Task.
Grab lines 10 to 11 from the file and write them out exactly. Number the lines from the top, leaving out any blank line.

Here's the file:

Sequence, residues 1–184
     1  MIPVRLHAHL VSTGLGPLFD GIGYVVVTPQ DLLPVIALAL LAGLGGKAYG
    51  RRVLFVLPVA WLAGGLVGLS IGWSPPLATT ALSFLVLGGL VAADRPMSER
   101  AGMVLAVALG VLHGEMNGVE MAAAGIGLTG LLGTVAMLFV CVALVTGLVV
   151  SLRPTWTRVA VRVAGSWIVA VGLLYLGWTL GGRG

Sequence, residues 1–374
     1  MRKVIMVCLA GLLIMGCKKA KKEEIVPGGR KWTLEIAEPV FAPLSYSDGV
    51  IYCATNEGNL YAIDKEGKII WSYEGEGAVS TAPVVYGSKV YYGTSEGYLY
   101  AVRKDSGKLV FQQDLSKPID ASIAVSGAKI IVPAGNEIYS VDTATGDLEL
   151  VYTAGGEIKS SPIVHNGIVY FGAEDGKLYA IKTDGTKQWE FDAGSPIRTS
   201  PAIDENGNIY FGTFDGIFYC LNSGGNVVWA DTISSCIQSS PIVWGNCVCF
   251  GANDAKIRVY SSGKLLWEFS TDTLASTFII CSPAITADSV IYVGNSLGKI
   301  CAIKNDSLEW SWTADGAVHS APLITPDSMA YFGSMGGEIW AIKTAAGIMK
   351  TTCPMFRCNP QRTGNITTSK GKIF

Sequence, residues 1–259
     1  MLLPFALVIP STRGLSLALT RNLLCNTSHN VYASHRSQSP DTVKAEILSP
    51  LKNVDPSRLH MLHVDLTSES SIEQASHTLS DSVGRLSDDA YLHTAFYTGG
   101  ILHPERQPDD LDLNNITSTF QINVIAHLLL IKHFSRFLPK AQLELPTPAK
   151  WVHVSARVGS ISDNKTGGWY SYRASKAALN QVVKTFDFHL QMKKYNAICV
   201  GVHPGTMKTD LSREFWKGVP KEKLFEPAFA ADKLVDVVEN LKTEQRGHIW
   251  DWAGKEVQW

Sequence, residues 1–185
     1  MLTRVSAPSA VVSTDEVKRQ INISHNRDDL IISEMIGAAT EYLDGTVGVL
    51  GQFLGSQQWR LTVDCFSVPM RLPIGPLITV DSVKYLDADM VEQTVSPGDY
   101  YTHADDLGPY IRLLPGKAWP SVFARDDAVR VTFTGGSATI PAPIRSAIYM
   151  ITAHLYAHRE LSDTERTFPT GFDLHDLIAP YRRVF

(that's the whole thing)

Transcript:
   151  VYTAGGEIKS SPIVHNGIVY FGAEDGKLYA IKTDGTKQWE FDAGSPIRTS
   201  PAIDENGNIY FGTFDGIFYC LNSGGNVVWA DTISSCIQSS PIVWGNCVCF